Why Honduras has become one of world's most dangerous places for land rights activists

April 18, 2021

Honduras has become one of the world's most dangerous places for environmental land rights activists after a series of murders in the Central American country over the past two years.

Last month, three indigenous leaders were shot dead in the north of the country - it follows the abduction and disappearance of four activists last summer.

And at least 14 more men and women were killed in similar circumstances in July 2019.

All of the dead and missing are members of the black indigenous Garifuna people who have been fighting to hold on to their ancestral lands for decades.

Drug cartels, palm oil manufacturers and tourism developers all have different reasons to take control of the Garifuna's land, and little is being done to protect the communities from intimidation and violence.

The Garifuna, an Afro-Caribbean population originally from the island of St Vincent, who were evicted from their homelands by the British in the 1700s, have lived on the shores of the Caribbean for generations.

The small communities who inhabit this biodiverse paradise of blue seas and white sandy beaches, lined by palm trees, have survived for generations on the fish they take from the waters and the vegetables they grow.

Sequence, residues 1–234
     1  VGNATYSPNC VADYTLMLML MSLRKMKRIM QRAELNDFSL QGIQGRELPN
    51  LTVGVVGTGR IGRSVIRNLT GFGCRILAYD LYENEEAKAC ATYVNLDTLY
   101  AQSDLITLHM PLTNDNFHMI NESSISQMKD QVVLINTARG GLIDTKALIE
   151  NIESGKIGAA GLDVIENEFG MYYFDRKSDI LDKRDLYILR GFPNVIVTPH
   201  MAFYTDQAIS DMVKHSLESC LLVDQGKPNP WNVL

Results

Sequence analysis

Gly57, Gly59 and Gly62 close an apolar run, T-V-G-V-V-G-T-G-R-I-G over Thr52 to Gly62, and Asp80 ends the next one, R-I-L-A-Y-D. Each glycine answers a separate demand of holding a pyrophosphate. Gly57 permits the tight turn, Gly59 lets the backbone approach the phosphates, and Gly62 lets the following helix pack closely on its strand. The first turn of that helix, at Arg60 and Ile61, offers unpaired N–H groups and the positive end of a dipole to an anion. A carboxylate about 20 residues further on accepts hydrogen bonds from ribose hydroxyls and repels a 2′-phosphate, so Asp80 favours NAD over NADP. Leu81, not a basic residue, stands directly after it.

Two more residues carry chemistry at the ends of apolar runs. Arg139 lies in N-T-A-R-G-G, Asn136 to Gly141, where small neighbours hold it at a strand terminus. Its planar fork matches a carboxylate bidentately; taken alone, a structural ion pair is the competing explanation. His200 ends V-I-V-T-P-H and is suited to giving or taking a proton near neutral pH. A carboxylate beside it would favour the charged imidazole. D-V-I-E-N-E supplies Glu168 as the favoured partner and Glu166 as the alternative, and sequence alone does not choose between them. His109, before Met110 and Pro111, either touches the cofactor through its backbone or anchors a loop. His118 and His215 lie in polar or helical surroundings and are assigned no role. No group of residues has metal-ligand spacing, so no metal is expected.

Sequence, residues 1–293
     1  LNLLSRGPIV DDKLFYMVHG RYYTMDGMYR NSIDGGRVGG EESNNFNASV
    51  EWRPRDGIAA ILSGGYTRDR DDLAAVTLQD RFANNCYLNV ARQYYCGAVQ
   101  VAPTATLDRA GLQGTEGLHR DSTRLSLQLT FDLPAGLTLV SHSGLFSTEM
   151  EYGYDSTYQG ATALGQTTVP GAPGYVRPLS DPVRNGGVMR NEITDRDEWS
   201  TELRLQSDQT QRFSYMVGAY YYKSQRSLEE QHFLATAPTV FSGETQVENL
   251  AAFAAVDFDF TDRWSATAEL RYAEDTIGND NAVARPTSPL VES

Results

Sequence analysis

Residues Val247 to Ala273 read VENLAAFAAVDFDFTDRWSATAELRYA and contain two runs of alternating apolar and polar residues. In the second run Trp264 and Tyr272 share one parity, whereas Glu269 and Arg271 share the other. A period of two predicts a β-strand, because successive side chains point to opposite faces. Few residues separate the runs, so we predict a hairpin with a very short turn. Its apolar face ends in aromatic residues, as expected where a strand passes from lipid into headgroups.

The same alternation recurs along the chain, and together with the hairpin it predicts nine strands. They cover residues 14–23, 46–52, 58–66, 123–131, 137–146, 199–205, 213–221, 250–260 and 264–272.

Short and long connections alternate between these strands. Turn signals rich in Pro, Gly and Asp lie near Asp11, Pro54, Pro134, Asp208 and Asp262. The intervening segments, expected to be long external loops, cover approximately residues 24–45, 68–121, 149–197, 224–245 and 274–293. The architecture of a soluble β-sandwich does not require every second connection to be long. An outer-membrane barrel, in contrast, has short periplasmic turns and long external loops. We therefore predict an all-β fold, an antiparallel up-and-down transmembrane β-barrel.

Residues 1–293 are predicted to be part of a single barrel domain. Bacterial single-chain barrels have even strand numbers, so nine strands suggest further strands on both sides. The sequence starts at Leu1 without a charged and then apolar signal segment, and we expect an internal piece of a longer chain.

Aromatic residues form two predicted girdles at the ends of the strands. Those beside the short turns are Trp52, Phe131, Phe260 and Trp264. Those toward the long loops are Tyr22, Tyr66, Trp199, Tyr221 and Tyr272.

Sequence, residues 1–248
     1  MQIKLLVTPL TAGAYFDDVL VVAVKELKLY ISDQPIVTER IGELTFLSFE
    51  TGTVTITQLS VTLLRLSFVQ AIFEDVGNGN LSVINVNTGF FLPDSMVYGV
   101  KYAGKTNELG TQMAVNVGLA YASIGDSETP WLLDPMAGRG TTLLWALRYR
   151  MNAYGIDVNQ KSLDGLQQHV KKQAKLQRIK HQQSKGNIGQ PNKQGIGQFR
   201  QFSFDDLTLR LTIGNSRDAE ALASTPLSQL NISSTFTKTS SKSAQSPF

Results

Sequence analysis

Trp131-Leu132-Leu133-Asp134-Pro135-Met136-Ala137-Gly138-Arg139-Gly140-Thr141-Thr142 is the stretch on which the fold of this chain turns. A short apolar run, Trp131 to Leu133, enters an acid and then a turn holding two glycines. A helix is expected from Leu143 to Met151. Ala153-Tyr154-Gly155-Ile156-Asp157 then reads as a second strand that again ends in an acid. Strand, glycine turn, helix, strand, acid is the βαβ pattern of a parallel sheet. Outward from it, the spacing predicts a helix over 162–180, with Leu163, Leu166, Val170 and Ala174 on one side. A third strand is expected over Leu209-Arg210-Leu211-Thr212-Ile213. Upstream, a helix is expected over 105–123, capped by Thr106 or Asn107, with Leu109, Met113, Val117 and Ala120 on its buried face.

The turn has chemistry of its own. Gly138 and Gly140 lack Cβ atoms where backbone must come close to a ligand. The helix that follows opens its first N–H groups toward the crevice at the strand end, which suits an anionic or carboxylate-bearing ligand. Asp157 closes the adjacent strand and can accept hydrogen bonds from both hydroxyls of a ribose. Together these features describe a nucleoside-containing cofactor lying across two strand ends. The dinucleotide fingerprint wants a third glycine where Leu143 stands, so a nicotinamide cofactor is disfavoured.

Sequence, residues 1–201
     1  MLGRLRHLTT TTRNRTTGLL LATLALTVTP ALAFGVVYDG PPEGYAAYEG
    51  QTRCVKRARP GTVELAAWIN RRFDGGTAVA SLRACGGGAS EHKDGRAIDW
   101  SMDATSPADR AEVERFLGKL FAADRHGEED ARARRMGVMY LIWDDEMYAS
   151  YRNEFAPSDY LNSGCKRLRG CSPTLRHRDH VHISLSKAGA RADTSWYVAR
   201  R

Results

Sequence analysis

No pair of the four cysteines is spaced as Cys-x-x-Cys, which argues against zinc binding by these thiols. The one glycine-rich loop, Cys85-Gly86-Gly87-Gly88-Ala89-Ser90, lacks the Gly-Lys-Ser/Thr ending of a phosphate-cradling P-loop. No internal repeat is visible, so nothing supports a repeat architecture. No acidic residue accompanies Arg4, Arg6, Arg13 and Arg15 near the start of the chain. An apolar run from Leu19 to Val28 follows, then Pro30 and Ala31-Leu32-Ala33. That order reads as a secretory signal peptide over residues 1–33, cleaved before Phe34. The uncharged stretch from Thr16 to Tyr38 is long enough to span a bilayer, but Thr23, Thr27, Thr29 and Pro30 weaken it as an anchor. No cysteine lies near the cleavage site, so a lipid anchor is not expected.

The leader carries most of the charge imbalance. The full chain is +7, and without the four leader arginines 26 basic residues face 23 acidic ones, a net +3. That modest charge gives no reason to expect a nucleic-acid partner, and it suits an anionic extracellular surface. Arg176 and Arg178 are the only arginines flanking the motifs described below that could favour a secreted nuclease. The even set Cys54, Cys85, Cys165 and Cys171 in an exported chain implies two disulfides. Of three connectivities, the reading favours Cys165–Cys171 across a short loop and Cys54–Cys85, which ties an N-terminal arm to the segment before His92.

But the natural beauty, the abundance of palm oil and its seaside location here in northern Honduras has brought murder and violence to a community ill-prepared to defend itself.

Early on the morning of 18 July 2020 three black SUVs drove through Triunfo de la Cruz, going from house to house, searching for their targets.

This small community, like much of the world, was in lockdown.

Everybody was home.

Snider Centeno Tomas, 27, president of the community, was tortured outside his house and forced into one of the waiting vehicles.

He was taken along with Suami Mejia Garcia, Mizael Rochez Calix, Milton Martinez Alvarez and Rafael Juarez Mejia - a guest visiting the community. All were dragged out of their homes at gunpoint and driven away.

They have not been seen or heard from since and the community fears that they are, in all likelihood, dead.

There is gossip, there are theories, and there are unanswered questions - but nobody knows why the men were targeted.